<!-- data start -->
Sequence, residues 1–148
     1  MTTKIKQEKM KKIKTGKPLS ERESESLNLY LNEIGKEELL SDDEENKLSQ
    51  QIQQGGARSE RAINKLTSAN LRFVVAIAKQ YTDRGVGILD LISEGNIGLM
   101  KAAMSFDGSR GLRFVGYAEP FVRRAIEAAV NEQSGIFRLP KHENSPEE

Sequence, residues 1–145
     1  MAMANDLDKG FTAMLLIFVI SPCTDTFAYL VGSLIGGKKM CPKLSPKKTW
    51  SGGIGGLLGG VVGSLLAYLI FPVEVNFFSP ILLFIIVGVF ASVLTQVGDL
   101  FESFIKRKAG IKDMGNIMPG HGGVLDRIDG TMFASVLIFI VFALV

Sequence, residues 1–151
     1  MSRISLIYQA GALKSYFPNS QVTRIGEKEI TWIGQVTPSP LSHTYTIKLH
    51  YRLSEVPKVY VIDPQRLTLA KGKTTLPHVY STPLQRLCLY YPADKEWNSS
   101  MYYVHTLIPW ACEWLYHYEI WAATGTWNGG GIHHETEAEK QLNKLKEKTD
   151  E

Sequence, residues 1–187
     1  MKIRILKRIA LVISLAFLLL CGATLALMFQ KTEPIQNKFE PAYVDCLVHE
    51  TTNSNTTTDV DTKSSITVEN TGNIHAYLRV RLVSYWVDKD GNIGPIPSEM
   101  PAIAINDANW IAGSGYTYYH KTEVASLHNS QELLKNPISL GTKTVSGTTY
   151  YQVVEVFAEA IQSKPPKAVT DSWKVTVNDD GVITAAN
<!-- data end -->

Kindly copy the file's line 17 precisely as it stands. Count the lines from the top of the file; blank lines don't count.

   101  PAIAINDANW IAGSGYTYYH KTEVASLHNS QELLKNPISL GTKTVSGTTY